Union Pacific and other railroads were always looking to reduce costs, and "distillate" fuel was much cheaper than gasoline. Industry standards in the 1920s were not anything close to what we have now, so distillate fuel was essentially whatever the refiners said it was, and the quality of it varied considerably. The major motivation for the use of distillate fuel was cost. The price of distillate fuel was one-third to one-fourth the price of gasoline, which was about 15 cents per gallon in those days.
In the 1954 biography of Dick Dilworth, EMC's chief engineer, the author wrote about Dilworth's five-year search for an economical fuel that began in 1927. "First of all, Dilworth had to discover what a distillate was. About the best definition he could arrive at was that it was anything that didn't classify as heavy fuel oil. It might range from a low-grade gasoline, to painter's naphtha, to gas oil. In fact it was anything the refinery didn't happen to want at that particular time. The most uniform product Dilworth came across was something known as Dubbs oil, the heavy half of the pressure benzene taken off during the Dubbs cracking process. Attempting to burn this stuff in a carburetor engine, according to Dilworth, was grim business."
After five years of work in the lab, and in test installations, in 1932 Dilworth was finally able to figure it out, and patented a carburetor that allowed distillate to be used in the Winton engines used in the EMC motor cars.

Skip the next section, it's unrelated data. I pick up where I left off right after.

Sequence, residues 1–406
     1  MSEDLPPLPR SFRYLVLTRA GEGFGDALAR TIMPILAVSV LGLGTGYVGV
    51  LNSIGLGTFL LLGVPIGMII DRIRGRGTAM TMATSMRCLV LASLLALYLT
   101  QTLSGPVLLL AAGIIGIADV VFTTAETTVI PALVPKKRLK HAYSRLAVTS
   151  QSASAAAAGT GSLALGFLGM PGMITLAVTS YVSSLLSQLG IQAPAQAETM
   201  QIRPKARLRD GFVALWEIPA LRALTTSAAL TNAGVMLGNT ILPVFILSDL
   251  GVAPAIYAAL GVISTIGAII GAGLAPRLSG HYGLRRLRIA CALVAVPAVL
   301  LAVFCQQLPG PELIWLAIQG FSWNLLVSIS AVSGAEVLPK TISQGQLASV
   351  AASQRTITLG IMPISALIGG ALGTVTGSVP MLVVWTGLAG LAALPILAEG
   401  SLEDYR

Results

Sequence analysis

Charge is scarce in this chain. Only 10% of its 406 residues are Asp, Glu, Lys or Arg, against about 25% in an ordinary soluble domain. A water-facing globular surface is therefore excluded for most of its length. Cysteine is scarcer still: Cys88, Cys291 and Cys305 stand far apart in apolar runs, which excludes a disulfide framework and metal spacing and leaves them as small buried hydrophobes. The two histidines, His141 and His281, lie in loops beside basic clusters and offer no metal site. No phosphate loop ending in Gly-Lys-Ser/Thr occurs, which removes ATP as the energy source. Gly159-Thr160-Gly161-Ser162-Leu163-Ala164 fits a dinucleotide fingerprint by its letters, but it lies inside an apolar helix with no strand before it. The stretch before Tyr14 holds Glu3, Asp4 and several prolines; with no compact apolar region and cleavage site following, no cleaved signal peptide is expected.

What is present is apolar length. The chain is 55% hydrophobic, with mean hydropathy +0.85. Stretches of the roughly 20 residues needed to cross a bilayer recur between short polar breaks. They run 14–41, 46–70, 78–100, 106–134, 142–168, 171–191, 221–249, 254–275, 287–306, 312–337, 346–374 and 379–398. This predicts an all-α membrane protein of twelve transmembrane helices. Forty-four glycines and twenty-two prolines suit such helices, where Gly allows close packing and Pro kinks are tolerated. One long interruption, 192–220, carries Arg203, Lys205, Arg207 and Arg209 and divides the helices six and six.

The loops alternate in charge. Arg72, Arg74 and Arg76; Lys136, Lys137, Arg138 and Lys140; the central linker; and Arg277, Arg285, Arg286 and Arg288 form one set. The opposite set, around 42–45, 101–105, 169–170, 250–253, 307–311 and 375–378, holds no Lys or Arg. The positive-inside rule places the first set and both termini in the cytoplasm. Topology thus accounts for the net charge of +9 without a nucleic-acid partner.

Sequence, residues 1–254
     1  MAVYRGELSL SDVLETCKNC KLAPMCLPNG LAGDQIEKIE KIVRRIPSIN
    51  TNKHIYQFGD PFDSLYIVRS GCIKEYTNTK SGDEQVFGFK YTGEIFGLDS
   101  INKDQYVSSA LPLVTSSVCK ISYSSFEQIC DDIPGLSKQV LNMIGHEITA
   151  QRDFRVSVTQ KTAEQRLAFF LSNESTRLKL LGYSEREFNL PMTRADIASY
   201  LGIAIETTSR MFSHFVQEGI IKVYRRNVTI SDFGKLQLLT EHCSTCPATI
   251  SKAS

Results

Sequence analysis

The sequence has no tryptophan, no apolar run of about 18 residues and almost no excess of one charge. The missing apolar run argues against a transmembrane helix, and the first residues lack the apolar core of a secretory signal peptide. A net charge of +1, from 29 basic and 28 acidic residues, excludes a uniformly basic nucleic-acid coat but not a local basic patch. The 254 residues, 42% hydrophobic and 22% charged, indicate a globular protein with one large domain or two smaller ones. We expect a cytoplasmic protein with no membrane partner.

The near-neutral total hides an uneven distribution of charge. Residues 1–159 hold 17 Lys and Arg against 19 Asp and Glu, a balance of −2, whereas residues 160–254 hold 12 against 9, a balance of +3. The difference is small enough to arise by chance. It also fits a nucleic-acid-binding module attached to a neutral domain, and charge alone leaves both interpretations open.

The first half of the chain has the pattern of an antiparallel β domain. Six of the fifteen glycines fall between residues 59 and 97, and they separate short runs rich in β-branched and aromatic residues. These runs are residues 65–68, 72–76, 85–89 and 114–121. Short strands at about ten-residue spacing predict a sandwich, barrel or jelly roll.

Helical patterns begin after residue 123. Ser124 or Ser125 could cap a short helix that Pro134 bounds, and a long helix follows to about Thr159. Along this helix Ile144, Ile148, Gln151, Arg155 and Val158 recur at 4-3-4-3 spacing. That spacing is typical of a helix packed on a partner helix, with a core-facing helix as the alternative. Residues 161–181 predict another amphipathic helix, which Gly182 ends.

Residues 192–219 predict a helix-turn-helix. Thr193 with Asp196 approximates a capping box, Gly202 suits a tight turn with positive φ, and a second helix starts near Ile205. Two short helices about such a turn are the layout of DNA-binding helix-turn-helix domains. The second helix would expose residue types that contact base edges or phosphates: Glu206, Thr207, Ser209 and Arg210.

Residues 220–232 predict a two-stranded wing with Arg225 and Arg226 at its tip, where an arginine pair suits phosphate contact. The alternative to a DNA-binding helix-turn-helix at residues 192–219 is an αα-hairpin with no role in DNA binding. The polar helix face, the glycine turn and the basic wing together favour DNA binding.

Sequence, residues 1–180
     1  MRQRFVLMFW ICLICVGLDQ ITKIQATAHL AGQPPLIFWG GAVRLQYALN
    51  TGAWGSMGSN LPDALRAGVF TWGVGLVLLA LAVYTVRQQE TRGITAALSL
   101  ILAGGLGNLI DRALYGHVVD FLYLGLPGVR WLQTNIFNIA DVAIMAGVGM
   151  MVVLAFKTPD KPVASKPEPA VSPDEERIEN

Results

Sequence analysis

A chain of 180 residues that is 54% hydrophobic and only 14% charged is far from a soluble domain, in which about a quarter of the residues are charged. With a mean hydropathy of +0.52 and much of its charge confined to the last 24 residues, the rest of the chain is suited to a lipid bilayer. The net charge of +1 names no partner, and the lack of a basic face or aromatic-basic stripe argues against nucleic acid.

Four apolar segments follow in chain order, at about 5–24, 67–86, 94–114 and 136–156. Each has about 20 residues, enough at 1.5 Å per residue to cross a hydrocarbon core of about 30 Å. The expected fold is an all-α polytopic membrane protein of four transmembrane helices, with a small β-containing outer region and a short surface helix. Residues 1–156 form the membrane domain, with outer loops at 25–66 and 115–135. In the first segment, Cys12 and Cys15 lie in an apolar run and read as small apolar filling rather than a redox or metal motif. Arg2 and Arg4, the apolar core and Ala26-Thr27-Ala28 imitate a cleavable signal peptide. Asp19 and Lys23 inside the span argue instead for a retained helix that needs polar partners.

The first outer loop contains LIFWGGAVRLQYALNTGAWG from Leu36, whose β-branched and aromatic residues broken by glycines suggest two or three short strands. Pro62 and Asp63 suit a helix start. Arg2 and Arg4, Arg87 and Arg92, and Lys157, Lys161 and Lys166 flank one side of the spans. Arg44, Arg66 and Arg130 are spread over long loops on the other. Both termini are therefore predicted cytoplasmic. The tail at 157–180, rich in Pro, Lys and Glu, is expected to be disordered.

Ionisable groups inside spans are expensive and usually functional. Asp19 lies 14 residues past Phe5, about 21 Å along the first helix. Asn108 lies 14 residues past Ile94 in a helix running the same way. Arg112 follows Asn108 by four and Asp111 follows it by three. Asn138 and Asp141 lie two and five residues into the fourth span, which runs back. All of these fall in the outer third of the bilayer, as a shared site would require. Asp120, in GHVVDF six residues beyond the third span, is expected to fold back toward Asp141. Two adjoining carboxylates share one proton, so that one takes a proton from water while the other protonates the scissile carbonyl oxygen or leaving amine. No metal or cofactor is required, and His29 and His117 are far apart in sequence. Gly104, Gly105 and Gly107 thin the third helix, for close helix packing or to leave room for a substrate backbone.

When Union Pacific began using distillate fuel in about 1926-1927, they used what was known as a Duff carburetor, using the design patented by Ralph Duff in 1918. Prior to that time, UP used gasoline in its motor cars.
Using resources available today, the most common and credible modern equivalent of distillate fuel today is what is called No. 2 fuel oil, also known as home heating oil, or furnace oil.
Letter to the editor, concerning a photo in an issue of The Streamliner (Volume 14, Number 1, Winter 2000, page 10):
The photo shows a view of McKeen motor car M-23. The caption suggests that the photo was taken during a run to evaluate some device mounted to the front truck. That may be true, but I think that what it really shows is M-23 on its first trip west. Notice how shiny the car and trailer are (sticky fresh, as some would say). The photo is dated May 17, 1915. Available records show that M-23 was built in May 1915.
This photo is unique because it shows the first use of the M prefix to the motor cars, since M-23 was the first car built after the 1915 renumber plan was put into place. All of the cars built before that time, from UP 1 (in 1905) to UP 22 (in 1909), were later renumbered to their M series numbers.